In Part 1 of this series, we examined the last decade of fantasy performance for the quarterback position. We now turn our attention to the running backs over that same period.
I’ll be covering a fair amount of information from multiple angles in an attempt to glean useful information from player traits, characteristics, drafted situation and fantasy selection toward determining if we can improve our draft success by using history as a guide. Over the past decade at DLF, if you’ve followed me that long, you may recall a recurring annual piece named “By the Numbers” where I broke down fantasy performance over a period of time based on where rookies were drafted both in the NFL and in fantasy. It was a popular piece for obvious reasons. This series is the 2017 version and a bit expanded at that.
I wanted to zoom out a bit with respect to the information I have been looking at when it comes to evaluating rookie selections to their ultimate fantasy performance. At the root level, I’m most interested, as always, in seeing the trends that form from highly selected NFL players to see if it translates to fantasy. In some cases, it has been very clear while, in others, not so much. Obviously, clear trends can be acted upon, such as the very high likelihood that an NFL drafted receiver taken within the first six selections has a very high likelihood of being a fantasy stud, or at least highly productive. Same goes for the historical trend of NFL first round tight ends performing well in fantasy. Interestingly enough, both trends have been impacted over the past five years. We’ll get to that later in the series.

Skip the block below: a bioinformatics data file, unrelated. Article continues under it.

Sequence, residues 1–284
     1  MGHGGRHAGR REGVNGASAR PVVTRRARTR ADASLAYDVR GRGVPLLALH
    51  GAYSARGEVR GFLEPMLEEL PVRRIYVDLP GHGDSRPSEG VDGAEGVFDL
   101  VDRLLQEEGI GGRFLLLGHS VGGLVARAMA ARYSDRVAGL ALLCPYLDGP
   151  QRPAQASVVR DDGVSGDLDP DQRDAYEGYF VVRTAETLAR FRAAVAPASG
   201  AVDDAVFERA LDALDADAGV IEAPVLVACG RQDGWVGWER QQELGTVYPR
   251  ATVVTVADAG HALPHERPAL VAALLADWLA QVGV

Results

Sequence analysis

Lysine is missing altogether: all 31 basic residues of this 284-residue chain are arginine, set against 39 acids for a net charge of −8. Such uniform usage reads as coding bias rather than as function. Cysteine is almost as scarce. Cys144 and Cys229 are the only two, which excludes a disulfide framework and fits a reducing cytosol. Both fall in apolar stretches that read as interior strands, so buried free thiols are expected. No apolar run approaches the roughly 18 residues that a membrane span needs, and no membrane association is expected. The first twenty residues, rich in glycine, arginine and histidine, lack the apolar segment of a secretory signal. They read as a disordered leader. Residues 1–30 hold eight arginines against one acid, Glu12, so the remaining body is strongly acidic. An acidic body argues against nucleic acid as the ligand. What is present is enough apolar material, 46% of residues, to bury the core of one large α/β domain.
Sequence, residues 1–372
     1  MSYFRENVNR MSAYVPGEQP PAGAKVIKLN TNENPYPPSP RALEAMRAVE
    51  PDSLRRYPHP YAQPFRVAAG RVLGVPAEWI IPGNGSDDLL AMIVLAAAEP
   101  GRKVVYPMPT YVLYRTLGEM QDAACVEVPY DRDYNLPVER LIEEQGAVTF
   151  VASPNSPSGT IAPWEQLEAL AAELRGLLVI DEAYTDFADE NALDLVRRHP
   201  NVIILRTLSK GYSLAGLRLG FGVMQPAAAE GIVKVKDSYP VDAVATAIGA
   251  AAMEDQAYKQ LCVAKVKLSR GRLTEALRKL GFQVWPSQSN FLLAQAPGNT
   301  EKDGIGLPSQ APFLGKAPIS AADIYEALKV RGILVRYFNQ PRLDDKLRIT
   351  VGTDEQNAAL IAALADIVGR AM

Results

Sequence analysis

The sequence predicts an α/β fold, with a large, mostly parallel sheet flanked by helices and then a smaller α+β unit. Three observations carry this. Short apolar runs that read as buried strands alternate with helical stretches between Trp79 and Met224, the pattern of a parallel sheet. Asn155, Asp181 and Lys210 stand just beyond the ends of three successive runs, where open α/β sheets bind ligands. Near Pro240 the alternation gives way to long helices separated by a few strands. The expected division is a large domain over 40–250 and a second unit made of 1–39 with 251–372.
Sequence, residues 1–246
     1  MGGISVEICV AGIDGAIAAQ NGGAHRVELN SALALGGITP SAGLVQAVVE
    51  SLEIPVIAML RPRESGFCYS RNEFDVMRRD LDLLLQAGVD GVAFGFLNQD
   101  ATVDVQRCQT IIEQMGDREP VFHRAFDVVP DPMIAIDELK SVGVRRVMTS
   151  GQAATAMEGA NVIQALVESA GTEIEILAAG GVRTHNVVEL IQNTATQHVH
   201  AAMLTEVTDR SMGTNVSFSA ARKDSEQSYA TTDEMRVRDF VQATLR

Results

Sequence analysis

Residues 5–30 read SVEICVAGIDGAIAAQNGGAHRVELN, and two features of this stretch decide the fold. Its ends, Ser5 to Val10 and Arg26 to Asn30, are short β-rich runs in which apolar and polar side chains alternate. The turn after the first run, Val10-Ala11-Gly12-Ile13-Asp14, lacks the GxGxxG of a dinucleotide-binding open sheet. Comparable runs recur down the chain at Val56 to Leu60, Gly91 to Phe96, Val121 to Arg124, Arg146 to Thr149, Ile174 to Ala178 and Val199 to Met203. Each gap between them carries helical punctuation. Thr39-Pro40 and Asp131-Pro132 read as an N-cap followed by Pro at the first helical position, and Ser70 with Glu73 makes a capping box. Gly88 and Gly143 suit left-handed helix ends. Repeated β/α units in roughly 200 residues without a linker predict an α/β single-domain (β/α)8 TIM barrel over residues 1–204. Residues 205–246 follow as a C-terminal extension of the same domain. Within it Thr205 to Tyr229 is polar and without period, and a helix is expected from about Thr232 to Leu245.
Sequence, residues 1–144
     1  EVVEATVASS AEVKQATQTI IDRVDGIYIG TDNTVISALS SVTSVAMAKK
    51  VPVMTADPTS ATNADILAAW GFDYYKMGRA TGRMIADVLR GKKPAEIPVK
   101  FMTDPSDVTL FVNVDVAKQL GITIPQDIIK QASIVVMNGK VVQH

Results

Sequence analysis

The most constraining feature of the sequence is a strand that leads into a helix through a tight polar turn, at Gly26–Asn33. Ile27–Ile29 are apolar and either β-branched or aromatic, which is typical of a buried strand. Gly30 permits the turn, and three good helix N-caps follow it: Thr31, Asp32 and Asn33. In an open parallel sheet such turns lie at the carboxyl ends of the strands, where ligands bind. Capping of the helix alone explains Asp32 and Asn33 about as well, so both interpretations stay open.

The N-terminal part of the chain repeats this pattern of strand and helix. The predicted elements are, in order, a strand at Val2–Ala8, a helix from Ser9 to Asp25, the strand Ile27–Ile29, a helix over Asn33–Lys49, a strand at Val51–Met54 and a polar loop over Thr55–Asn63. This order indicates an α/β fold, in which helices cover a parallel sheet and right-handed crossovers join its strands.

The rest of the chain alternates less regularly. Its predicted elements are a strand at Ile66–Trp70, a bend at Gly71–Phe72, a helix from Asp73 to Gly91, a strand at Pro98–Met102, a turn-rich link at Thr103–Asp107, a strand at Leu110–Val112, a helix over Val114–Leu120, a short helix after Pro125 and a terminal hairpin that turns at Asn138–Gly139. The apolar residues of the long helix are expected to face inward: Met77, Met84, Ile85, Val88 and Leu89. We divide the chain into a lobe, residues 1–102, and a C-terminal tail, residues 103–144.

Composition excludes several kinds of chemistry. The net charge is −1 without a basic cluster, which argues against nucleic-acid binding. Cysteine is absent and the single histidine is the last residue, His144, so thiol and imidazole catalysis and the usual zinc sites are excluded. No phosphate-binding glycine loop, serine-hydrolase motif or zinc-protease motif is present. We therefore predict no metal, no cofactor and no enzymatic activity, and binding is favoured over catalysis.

For running backs, it’s been a decade of change. Once the go-to position in drafts, we’ve seen the rise of the Running Back By Committee (RBBC) take the wind from the sails of the position to the zero running back strategy in fantasy drafts to, now, arguably a bit of a resurgence at the position. But that doesn’t necessarily aid you come your rookie draft day. If you’ve read any of my previous works on the topic, you know that there’s no greater minefield early in your draft than that of the highly-drafted running back. Plagued by greater injury occurrence, reduced career length, committee approach, bad systems, poor team performance and a host of other variables, forecasting running back production from college to the NFL is a difficult proposition at best. In most cases, you are selecting with a great deal of excitement and even more hope. Neither of which translate to the gridiron.
But what if we knew more about the mold of successful running backs, those physical characteristics that make the player. These are traits that are difficult to train and provide the foundation for success at the next level. If we wish to go even deeper, what about these same traits when folded into the situation of the teams drafting them? Between these items and a decade of history, perhaps we can steer clear of those backs that exist on the line and, instead, overweight those that better fit the mold. Of course, no amount of research guarantees success of failure of this work for, if it did, we would not have such mold-breakers as Russell Wilson, Drew Brees, Darren Sproles or even a LeGarrette Blount. Those players exist well outside the ‘norm’ of physical traits to those that have found success before them.